Inflation is an economic term describing the sustained increase in prices of goods and services within a period. To some, it indicates a struggling economy, whereas others see it as an indicator of a prospering economy. Here, we examine the negative effects of inflation.
- Erosion of Purchasing Power
Inflation causes an increase in the price of general goods and services leading to a currency depreciating in value. The purchasing power of currency, and by extension savings, reduces. Inflation leads to increased consumption, which discourages savings and slows down economic growth.
2. Increases in Taxes
Higher prices lead to increases in taxes. Nominal (not real) incomes rise along with inflation and push income earners into higher percentage tax brackets. Even though purchasing power of currency does not increase, a person pays a bigger proportion of her/his income to the government. This will then lead to pay higher tax rates without an increase in real income.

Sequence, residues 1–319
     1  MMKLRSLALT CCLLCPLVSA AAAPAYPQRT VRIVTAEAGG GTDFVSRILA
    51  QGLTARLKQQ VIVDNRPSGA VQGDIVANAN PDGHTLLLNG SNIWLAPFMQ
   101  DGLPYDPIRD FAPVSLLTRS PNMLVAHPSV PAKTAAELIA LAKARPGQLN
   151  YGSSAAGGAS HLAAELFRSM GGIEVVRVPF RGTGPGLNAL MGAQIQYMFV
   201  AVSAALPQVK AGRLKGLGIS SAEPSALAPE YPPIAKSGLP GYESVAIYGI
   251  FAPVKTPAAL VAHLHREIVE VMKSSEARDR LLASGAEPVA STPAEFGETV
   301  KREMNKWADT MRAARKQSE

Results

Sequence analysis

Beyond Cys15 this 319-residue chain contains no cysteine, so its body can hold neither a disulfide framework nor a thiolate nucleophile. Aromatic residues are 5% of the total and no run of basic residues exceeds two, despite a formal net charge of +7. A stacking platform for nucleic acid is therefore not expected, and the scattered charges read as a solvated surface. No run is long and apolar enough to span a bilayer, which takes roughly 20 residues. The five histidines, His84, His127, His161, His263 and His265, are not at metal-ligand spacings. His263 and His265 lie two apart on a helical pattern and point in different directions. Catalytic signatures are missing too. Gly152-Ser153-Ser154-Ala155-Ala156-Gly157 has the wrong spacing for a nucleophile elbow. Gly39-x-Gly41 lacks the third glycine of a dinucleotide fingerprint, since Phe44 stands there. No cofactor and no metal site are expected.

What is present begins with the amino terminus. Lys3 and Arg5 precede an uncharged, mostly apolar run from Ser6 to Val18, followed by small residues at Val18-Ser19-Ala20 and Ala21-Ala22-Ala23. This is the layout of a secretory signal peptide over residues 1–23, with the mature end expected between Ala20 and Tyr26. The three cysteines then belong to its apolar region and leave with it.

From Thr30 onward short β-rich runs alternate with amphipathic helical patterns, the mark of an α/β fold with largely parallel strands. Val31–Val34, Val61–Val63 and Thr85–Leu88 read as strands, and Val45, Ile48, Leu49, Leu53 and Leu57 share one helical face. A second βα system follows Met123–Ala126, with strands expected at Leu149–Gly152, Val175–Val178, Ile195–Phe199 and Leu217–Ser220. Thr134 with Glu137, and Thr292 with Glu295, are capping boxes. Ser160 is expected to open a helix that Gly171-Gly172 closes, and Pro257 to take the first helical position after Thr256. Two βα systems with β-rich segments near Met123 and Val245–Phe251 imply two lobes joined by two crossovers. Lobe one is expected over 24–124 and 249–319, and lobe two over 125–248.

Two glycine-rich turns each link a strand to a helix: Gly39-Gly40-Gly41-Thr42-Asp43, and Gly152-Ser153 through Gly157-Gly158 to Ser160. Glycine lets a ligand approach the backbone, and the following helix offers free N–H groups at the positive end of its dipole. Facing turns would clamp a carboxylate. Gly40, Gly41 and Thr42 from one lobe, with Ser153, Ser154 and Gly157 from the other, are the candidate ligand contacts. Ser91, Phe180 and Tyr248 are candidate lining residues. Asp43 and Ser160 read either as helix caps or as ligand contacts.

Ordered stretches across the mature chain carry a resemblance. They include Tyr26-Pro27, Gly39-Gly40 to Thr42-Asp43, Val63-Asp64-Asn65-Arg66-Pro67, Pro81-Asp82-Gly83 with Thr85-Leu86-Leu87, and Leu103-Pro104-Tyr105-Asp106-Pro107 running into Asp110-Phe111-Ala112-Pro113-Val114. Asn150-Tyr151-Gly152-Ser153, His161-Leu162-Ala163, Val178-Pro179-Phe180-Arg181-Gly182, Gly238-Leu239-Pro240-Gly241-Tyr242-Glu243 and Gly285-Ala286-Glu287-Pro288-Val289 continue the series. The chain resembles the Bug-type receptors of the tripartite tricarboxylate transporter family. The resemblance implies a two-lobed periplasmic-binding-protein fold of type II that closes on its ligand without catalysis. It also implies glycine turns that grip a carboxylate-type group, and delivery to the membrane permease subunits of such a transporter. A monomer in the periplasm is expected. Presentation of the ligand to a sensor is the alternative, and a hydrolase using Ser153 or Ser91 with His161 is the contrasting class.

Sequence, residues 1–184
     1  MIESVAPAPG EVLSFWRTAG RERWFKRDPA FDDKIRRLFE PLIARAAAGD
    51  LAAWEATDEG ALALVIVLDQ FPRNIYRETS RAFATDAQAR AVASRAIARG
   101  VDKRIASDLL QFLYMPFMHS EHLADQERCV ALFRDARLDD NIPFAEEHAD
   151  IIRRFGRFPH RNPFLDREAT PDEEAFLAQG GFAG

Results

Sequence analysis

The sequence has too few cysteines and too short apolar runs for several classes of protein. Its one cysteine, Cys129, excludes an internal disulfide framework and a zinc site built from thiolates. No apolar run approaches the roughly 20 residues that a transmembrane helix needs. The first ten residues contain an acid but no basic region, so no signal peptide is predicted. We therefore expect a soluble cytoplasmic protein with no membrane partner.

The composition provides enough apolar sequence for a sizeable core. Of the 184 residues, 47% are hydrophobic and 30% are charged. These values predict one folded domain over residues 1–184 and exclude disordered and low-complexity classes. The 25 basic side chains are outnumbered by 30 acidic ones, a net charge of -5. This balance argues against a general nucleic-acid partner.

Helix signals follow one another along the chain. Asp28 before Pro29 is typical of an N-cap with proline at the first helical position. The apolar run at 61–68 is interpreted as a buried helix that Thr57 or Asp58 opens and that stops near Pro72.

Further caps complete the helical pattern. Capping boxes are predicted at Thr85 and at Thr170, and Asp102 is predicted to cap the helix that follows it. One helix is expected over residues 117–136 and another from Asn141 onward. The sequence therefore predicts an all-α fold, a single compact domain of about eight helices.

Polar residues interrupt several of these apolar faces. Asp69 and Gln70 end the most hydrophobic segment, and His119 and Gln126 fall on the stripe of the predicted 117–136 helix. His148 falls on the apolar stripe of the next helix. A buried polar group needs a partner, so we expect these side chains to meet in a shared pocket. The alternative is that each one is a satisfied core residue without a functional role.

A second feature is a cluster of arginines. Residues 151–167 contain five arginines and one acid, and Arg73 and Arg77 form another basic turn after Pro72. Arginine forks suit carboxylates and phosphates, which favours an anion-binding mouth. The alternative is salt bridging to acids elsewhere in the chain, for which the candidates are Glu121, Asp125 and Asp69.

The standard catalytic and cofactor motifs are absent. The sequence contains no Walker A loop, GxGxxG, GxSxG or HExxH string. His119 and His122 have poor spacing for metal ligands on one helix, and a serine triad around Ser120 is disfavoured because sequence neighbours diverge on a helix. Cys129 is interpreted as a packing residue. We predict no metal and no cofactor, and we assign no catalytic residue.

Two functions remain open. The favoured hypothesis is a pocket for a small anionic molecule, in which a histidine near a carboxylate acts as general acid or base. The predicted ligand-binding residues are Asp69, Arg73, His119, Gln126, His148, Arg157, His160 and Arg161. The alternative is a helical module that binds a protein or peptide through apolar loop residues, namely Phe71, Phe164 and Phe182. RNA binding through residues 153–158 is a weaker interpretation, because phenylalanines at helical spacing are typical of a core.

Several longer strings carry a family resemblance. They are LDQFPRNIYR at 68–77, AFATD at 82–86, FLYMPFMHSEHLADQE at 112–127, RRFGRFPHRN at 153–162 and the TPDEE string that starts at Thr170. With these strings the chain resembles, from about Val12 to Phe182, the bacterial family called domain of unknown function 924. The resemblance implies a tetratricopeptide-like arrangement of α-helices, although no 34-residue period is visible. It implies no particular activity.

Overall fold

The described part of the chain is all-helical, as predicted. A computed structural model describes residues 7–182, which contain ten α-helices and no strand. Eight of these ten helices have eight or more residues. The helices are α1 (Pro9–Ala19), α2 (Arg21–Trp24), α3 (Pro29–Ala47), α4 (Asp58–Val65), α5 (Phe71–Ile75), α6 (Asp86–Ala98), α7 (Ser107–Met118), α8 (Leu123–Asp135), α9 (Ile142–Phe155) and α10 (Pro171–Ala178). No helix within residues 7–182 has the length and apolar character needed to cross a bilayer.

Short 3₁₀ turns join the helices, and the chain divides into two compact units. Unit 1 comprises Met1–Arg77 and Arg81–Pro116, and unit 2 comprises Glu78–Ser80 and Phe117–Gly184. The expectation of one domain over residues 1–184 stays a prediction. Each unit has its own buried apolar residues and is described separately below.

3. Higher Interest Rates in the Long Run
Inflation leads to higher interest rates in the long run. When the government increases the money supply, the increased availability of money lowers interest rates. However, higher equilibrium prices and lower value of the money due to increased money supply lead banks and other financial institutions to raise rates in order to compensate for the loss of the purchasing power of their funds. Higher long-term rates discourage business borrowing, leading to lesser overall investment in capital goods and technology.
Inflation, despite its negative effects is a key part of contemporary economics. Individuals can protect their savings from inflation by investing them into commodities or other market securities like stocks and index funds.